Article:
Edmund Onward James





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PostPosted: Tue Mar 08, 2011 11:23 am    Post subject: Reply with quote

TorontoCentre is here to agitate. But nowhere near Christopher Hitchens who was on 60 minutes and wasn't so sure about GOD at the end of the interview. He said he wanted proof.

But since he is dying, isn't it interesting that he has become more open and less belligerent?
Toronto Centre





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PostPosted: Tue Mar 08, 2011 1:14 pm    Post subject: Reply with quote

Quote:
Really? We start learning about evolution and the big bang very early as well (you could call it indoctrination if you wanted to impose a negative connotation on it) but we don't blurt out "my Darwin". In fact, the "indoctrination" you speak of explicitly teaches you NOT to use the Lord's name in vain.


All true.

We do not blurt out "my Darwin" for the probable reason that it is not in the cultural vernacular.

For the most part we dont yell out "Praise Allah", or Yaweh or FSM. Unless of course you are adherents to anyone of those.

I use "indoctrination" specifically since, at least for me, it is an apt description of what I had as a young person going to the local United Church.
Def: •Indoctrination is the process of ideas, attitudes, cognitive strategies or a professional methodology (see doctrine). It is often distinguished from education by the fact that the indoctrinated person is expected not to question or critically examine the doctrine they have learned. This definition suits my experience to a T. Yours of course may well have been different.

ETA, we yell out "ouch" when we pinch a toe (or worse words)
We toss salt over a shoulder when spilled, and all of these are learned cultural responses to input.
Toronto Centre





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PostPosted: Tue Mar 08, 2011 1:20 pm    Post subject: Reply with quote

Edmund Onward James wrote:
TorontoCentre is here to agitate. But nowhere near Christopher Hitchens who was on 60 minutes and wasn't so sure about GOD at the end of the interview. He said he wanted proof.

But since he is dying, isn't it interesting that he has become more open and less belligerent?

Respectivley disagree Sir.

I asked if you would like to counter the claims I made on another post whereby I questioned your assertions.

To date I see no response. However I have seen two responses from you which A) questions my sexual preference as the m,ain point (like that matters one whit)
and B) to rid me as I seem to agitate, which is not my intention.

I do hope more open dialogue can be produced here though. It seems far too many one of two post threads with "yes yes !"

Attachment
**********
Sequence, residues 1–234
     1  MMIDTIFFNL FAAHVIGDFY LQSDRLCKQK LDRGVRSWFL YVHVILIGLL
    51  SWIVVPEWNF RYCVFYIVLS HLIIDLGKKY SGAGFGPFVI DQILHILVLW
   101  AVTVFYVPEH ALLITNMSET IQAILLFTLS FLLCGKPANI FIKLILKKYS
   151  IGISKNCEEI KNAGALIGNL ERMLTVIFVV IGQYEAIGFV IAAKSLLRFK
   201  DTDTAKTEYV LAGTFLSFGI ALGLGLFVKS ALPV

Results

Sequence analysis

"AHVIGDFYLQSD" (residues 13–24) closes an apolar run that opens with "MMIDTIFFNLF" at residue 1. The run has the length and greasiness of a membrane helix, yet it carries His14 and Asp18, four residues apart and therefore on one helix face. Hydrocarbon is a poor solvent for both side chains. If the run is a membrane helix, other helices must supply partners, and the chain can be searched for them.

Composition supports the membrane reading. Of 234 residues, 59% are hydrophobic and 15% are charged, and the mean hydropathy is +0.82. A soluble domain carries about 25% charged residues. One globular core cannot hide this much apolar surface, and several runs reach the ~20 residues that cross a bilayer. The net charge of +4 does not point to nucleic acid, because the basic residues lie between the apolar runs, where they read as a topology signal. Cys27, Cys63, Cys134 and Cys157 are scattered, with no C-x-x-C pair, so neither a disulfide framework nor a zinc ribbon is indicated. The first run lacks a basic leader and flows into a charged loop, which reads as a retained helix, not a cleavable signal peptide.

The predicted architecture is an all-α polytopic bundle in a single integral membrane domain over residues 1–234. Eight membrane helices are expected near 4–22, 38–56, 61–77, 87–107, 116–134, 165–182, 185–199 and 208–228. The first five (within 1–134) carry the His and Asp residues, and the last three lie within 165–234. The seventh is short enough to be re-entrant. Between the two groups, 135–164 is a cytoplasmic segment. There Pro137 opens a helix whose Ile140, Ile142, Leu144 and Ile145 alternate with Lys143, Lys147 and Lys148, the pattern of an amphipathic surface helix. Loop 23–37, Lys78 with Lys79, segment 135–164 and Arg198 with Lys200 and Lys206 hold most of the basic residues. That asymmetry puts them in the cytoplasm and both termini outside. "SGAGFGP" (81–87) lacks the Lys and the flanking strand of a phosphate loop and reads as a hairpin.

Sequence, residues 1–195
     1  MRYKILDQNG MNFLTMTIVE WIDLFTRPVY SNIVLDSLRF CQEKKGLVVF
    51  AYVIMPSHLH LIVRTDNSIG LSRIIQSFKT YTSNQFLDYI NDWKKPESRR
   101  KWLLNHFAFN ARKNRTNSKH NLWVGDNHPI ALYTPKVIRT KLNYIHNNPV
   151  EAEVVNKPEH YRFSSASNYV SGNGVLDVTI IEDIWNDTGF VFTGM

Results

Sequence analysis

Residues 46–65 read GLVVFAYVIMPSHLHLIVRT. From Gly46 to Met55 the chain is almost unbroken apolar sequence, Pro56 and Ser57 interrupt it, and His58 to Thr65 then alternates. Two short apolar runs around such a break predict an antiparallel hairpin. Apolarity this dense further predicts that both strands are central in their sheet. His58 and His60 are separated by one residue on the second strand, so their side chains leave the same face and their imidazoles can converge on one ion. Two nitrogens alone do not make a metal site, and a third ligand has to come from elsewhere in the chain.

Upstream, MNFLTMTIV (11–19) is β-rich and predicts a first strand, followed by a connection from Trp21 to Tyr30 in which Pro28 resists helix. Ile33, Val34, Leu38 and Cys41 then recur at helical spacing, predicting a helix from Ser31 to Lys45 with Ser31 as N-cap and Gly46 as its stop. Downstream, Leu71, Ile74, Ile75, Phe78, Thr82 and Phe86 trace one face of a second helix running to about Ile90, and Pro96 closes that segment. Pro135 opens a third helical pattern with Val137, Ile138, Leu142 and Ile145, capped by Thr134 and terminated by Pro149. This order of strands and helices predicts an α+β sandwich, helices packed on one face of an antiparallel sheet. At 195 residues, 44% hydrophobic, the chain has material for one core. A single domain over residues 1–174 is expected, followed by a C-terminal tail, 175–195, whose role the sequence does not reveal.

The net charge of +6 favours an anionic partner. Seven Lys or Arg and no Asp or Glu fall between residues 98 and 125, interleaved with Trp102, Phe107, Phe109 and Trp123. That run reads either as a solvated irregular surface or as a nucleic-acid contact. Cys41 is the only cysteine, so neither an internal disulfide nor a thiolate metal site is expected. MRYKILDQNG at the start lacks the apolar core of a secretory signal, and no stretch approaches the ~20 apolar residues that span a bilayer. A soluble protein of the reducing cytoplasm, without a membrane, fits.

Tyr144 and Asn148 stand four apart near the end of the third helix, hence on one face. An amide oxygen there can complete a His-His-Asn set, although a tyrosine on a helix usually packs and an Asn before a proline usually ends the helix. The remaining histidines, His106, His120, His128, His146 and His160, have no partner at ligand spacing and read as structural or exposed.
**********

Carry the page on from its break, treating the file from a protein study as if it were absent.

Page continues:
But if you 'd like to discuss this further , by all means.

But as the rules state, attack the message not the messenger and I belive I have done that.(spelling mistakes too !) :shock:
Edmund Onward James





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PostPosted: Tue Mar 08, 2011 1:58 pm    Post subject: Reply with quote

What assertions? Everything you need to know is on the forum or my weblog. There arre many many links to veirfy my sources.

And, frankly, you are not conservative; though, you might have voted for a conservative once or twice, because the other candidates and parties were/are ridiculous and are taking Canada down the slippery slope.
Toronto Centre





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PostPosted: Tue Mar 08, 2011 2:20 pm    Post subject: Reply with quote

Edmund Onward James wrote:
What assertions? Everything you need to know is on the forum or my weblog. There arre many many links to veirfy my sources.

And, frankly, you are not conservative; though, you might have voted for a conservative once or twice, because the other candidates and parties were/are ridiculous and are taking Canada down the slippery slope.

Which ones?

The ones I posted in response to "I believe" and I countered some of your held beliefs as fallacy.

I am more than willing to have honest debate, but I do get prickly on things that have no basis in fact. I felt that some of yours were in that category.

I never said I was conservative, but rather said I have some conservative beliefs,primarly economically , and liberal in some aspects of social mores.

I would bet we agree on welfare for the downtrodden but we want some changes made.
I bet we agree on immigration but would like to see changes made.

My point is we can agree up to some point, but beyond that we may have differences.